Friday, 15 May 2015

How Britain’s election reflects Europe’s problem

Perhaps it helps to be on the ground in the United Kingdom during the lead up to an election, but then again, almost all the pollsters picked the final margin phenomenally poorly. At least foreign analysts have an excuse for ignorance and terrible prediction.

In the weeks and days before the United Kingdom’s general election, Labour and the Conservatives were tipped to be neck and neck, and UKIP (formerly the UK Independence Party) was predicted to gain far more than its ultimate tally of one lonely seat.

At the close of the day, the Conservatives polled 6% more votes than Labour and won an unexpected majority in the House of Commons. The Scottish National Party stormed home in the high north. Scotland last year achieved 45% approval for secession from the United Kingdom.

So its relative victory last week surprised only those who weren’t paying attention. The obvious criticism of the elections is to despair at the seemingly broken political system of what’s left of Her Majesty’s kingdom.

Many are saying its balkanised parties are no longer suitable for a first-past-the-post voting system. Analysis of election data shows the 2015 challenge delivered the least proportional result in the country’s history. With those numbers, the UK has done nothing to solve a growing crisis of legitimacy. Voter turnout only reached 66% which means Prime Minister David Cameron won re-election with the support of only 24.7% of the adult population. Nevertheless, those results gave the Tories their first majority since 1992 and theoretically puts more power in the hands of Mr Cameron.

However, his power now has different constraints. The Conservatives’ majority is thinner than under previous coalition governments and could be held hostage to a small number of potentially discordant lawmakers whose defection would put the party’s number of seats below the majority threshold. Add to this a growing movement of Euroskeptics in the Conservative party, and Mr Cameron’s room to manoeuvre could be tighter than he thinks. Following these elections, it could be said that the UK is essentially an unrepresentative democracy.

However, the UK elections’ true importance is what it says about the state of the European Union and whether it can remain a strong entity or will devolve into a toothless organisation similar to the United Nations where every constituent member prioritises its national imperatives over the supranational. Taken as a microcosm of the larger EU financial and social crisis, the UK has all the threads of what’s going wrong in Europe.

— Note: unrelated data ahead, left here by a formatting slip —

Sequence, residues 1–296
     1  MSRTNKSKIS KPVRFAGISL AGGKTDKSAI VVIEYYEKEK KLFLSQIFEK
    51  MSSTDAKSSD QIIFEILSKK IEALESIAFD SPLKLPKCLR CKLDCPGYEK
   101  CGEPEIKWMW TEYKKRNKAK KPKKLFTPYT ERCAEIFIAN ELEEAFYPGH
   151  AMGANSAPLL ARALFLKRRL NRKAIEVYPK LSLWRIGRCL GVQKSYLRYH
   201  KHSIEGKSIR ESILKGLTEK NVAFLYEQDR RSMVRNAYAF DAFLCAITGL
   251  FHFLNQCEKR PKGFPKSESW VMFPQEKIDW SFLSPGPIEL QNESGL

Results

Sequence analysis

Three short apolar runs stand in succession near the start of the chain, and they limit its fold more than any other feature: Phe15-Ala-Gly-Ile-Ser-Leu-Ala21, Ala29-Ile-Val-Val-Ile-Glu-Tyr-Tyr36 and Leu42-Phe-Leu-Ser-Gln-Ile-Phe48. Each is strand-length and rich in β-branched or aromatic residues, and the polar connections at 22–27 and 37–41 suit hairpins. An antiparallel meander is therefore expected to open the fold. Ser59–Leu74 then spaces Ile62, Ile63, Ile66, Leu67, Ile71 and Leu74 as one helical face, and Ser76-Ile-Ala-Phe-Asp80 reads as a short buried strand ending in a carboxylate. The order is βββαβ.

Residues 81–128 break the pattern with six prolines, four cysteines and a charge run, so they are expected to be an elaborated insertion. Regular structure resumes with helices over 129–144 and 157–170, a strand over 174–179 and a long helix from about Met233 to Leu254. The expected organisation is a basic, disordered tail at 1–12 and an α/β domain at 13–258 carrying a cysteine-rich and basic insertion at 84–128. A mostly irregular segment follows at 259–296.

UKIP represents a deep and growing displeasure about the European Union which has led to a number of right-leaning political parties coming to power since 2008. However, it has been the larger conservative parties in control, not the smaller and more tenacious rightist parties, which are yet to show competency in controlling the larger EU system.

Although it has weathered its fair share of militancy and terrorism over the decades, a pronounced anti-immigration sentiment driven by a justified but largely overblown fear of Islamic jihadism also runs through the modern British society. This is reflected in the policies and rhetoric of many parties in the UK and elsewhere.

And the UK is facing its own returning questions about nationalism – questions both the continent and Britain hoped had been settled decades or centuries ago. While the EU struggles to balance its budget, these movements are getting louder and more powerful with each passing election.

These tectonics displaying in the UK have real geopolitical consequences. They raise dangerous issues about Britain’s relationship with both the EU system and its Atlantic alliance with the United States. After all, should the Scots choose to make good on their departure plans, the contiguous integrity of the United Kingdom would be at risk.

Britain no longer controls the seas nor has an empire spread across the world, so it must balance the interests of the EU and the US. Splitting from one risks subsuming too greatly with the other, which could threaten Britain’s freedom of action.

How Britain balances the necessities of national imperatives with the demands of the larger organisation is the central story of the EU’s struggle. Britain’s electoral system may be flawed, but the fact that the Scottish National Party won a significant amount of the vote speaks volumes to how UK citizens feel about the greater socio-political reality.

Mr Cameron is now beholden to his promise of setting a referendum on EU membership in 2017. It is entirely unclear at this point whether Britain will remain part of the community, and that should raise questions of far greater import than those surrounding Greece’s choice.

After all, Greece represents a fiscal failure. Whatever it decides about its position or is compelled to do is driven by wholly different forces than those occurring in the UK. Should the maelstrom of nationalism, anti-immigration and Euroscepticism in Britain spin faster, Catalonians in Spain or the Flemish in Belgium may push their political power much further. And that would be just the start.

What this brewing storm in Europe might do to the organisation is unclear. But if its members value national interests over those of the larger community’s, then the union’s power and existence could be in question.

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